How to Reinvent Education

Elementary through graduate school.

Posted Jul 14, 2020

Yesterday, I offered thoughts on reinventing work. Today, I turn to education.

If education is our future, it would be brighter if reinvented. While most parents like their kids' school (if not perhaps COVID-forced distance learning), student learning has been disappointing, not just in international comparisons but in insufficiently preparing our next generation for the ever more demanding world they will inherit.

Here are my favorite ideas for how, not to reform education, but reinvent it.

Curriculum. It’s elitist to require students to take, for example, algebra, chemistry, and history while allowing them to graduate without core life skills such as conflict resolution, financial literacy, and real-world ethics. Our heavily academic curriculum also makes it harder to motivate students.

There’s plenty of time in college for students with interest or career-need for academics to take those courses then, but think of the percentage of high school and even college graduates who never used a bit of stochastic processes, simultaneous equations, nor facts on the War of 1812? When did you? Yet we require mountains of such arcana. Here, for example, is the Common Core math curriculum, widely adopted in the nation’s public schools.

Ultracourses. Imagine you were to take algebra and could choose between a traditional course or one taught online by a dream team of the world’s most transformational, beloved algebra teachers, with a live teacher or paraprofessional onsite to answer questions and maintain classroom discipline. Most people, even teachers, would choose the second option, what I call UltraCourses. Creating UItraCourses would enable all students, rich and poor, from Abyssinia to Zululand to get world-class instruction.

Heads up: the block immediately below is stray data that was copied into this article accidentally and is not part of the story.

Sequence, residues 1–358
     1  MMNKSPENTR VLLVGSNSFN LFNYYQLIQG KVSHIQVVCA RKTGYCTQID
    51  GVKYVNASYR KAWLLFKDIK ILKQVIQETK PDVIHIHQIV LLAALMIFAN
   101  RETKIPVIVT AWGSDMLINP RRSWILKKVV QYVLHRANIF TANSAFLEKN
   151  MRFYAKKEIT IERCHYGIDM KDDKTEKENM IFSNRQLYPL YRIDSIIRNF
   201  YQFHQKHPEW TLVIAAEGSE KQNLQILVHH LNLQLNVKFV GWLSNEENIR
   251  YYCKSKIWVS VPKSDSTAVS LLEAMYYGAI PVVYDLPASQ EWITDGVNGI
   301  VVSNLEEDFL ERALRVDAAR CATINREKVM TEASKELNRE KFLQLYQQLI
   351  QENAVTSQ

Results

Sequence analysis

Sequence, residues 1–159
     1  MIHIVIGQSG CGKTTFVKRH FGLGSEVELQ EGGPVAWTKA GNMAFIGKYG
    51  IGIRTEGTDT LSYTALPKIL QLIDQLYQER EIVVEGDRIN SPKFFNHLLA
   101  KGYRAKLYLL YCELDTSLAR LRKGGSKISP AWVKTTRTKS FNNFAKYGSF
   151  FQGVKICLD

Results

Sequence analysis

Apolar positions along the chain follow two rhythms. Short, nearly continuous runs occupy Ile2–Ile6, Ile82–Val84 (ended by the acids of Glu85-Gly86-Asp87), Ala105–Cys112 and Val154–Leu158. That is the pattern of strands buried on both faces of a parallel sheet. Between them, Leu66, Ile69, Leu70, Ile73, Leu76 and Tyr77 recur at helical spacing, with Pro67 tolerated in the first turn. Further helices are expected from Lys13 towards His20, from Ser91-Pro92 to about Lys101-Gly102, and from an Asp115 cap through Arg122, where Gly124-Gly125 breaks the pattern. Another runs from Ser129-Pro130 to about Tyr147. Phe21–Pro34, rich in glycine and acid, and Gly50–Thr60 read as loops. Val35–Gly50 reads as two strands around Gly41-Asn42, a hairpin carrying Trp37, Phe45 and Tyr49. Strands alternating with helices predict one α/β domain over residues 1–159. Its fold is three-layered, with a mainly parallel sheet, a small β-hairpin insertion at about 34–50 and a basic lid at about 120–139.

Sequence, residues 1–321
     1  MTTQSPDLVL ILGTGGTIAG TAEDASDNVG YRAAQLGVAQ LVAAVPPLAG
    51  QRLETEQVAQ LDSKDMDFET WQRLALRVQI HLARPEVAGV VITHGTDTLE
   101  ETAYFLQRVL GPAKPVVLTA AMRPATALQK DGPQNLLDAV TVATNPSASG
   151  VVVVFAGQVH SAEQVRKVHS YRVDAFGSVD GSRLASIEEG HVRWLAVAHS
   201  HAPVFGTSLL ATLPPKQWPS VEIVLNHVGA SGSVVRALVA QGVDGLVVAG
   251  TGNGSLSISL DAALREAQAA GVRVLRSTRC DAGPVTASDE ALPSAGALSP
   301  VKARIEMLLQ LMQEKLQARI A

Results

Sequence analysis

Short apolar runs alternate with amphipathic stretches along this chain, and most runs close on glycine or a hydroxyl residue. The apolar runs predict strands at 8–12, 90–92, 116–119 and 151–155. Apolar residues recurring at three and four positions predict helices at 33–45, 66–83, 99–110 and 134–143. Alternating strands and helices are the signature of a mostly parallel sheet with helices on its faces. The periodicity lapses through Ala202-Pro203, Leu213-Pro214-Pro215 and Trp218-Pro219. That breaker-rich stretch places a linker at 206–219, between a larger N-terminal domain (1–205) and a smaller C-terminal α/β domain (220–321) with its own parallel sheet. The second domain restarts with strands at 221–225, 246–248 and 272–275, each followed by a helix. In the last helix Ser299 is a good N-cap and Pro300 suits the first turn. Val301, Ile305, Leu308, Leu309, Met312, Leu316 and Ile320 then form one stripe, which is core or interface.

College. The campus should be much smaller and thus less expensive: UltraCourses eliminates the need for many classrooms, and extracurriculars such as pools, parks, and gyms could be shared with community resources. Students would live at home or off-campus. Cramming students who are away from home for the first time, two to three to a room, dozens to a floor, with minimal supervision, is often not hospitable to studying but is a hothouse for behaviors that let’s just say may not be the most beneficial.

Professional education.  As at prestigious undergraduate universities, graduate training for doctors, lawyers, architects, MBAs, etc are heavily taught by academics rather than, as I would urge, master practitioners, who understand not just the facts but the nuance of excellent practice.

The takeaway

If you like any of these ideas, is there anything you want to do to help bring them about?

And what are your ideas for reinventing what you think warrants reinvention? I write about reinventing institutions, from the legal system to the election system, in What's the Big Idea?: 39 Reinventions for a Better America.

I expand a bit on this post's ideas in a YouTube video.